To avoid sun damage, wear light colors and long sleeves. Roll them up if things get too hot.
- (1) Nylon Underwear
- (1) Underarmour HeatGear base layer undershirt
- (1) Underarmour HeatGear base layer long underwear
- (1) Pair of Merino Wool socks
- (1) Pair Gore-Tex hiking boots
- (1) Lightweight hiking pants
Winter Clothing –
- (1) Nylon Underwear
- (1) Underarmour ColdGear base layer undershirt
- (1) Underarmour ColdGear base layer long underwear
- (1) Pair of Merino Wool socks
- (1) Pair Gore-Tex hiking boots
- (1) Synthetic sweater / zip up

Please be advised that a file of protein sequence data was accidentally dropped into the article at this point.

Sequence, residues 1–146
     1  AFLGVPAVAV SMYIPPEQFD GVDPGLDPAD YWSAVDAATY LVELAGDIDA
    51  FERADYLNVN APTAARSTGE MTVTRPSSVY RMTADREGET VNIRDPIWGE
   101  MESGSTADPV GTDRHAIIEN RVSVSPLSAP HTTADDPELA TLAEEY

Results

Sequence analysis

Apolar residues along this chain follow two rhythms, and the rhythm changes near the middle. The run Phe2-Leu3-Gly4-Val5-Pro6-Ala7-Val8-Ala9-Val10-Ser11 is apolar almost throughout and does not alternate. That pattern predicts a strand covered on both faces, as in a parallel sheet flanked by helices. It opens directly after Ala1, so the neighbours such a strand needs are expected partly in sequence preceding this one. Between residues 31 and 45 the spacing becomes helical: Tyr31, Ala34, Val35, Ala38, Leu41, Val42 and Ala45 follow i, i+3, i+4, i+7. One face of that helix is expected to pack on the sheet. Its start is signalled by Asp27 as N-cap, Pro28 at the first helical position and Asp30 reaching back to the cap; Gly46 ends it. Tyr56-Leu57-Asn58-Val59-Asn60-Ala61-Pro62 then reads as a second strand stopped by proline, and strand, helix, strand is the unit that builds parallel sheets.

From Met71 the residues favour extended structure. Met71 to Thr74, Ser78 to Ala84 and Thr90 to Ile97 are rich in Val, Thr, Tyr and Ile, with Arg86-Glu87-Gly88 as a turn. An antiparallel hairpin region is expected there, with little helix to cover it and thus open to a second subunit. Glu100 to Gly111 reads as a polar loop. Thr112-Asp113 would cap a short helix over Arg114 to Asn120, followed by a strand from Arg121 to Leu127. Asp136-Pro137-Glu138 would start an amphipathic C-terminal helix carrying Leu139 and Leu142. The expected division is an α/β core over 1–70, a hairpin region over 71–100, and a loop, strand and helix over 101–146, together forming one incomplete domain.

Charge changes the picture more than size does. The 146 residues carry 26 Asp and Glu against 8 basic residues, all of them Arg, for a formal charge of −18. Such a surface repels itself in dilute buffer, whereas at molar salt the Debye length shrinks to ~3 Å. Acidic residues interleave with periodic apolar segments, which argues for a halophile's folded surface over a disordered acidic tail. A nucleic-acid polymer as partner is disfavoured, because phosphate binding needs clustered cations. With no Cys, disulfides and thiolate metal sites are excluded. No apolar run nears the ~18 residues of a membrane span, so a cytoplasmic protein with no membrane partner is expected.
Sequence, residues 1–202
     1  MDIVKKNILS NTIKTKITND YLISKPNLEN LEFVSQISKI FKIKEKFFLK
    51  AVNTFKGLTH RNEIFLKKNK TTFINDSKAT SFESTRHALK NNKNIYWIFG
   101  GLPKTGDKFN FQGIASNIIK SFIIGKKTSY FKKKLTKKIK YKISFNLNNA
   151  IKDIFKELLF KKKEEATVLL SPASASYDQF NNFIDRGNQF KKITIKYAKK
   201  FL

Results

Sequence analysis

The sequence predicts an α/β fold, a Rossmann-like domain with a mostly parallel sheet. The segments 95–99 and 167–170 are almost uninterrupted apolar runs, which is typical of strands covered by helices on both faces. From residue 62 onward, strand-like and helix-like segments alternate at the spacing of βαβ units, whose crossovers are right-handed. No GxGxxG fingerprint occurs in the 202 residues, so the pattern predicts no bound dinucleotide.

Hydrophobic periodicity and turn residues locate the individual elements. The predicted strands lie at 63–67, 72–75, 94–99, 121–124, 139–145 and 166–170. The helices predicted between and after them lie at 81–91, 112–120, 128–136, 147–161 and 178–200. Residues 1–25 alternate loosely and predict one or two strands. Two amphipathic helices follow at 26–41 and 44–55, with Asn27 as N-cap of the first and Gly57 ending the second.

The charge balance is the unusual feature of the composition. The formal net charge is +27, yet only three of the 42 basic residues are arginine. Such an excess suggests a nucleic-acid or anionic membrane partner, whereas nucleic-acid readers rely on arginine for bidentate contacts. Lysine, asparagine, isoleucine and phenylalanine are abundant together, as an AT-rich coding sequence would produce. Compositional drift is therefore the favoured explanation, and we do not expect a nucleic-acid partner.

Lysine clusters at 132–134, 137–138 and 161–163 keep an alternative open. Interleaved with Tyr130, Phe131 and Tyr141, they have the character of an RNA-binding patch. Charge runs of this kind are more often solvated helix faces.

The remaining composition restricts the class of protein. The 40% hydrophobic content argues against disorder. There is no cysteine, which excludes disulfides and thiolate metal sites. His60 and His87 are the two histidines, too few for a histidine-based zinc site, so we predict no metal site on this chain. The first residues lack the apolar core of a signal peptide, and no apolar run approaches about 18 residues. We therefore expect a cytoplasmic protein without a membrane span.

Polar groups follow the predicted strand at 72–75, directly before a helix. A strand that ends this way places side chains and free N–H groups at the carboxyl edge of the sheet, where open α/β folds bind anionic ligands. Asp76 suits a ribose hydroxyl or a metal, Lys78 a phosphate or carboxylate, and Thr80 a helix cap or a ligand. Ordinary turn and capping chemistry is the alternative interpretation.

- (1) Gore Tex Shell – Would replace poncho
- (1) Waterproof pants
PRO TIP #1: Clothing choices would change depending on the type of climate you live in and the time of year. As the seasons change, make sure to swap out clothing appropriately.
PRO TIP #2: Only wear nylon or synthetic clothing for emergency purposes. Cotton retains water and will make you hypothermic should it get wet.
PRO TIP #3: Keep it GRAY! Nothing tactical looking or flashy. The key here is to blend in with your surroundings and look like a typical person.
Just to recap…here are the most important factors to consider when building a bug out bag:
- Geographic location
- Physical ability
- Skill set
- Group size
- Likely threats for your area
Anything that you think we missed in this bug out bag list? Let us know in the comments below.
P.S. Rather than making costly mistakes when building your BOB, get help by clicking here.